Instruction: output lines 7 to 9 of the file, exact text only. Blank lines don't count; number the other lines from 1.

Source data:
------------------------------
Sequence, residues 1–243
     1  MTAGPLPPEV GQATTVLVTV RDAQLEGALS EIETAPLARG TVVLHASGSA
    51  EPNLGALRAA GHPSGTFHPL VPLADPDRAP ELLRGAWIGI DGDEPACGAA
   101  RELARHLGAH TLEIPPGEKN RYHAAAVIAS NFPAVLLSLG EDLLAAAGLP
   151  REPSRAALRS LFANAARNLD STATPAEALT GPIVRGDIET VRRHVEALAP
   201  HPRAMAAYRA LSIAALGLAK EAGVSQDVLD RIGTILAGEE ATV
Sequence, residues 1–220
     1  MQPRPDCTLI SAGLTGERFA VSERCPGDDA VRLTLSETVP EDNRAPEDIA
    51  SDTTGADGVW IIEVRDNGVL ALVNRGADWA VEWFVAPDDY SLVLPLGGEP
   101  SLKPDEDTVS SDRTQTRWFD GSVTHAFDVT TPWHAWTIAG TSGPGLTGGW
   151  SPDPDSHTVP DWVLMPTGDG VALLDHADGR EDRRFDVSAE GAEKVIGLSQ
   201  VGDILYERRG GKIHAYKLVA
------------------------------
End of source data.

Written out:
Sequence, residues 1–220
     1  MQPRPDCTLI SAGLTGERFA VSERCPGDDA VRLTLSETVP EDNRAPEDIA
    51  SDTTGADGVW IIEVRDNGVL ALVNRGADWA VEWFVAPDDY SLVLPLGGEP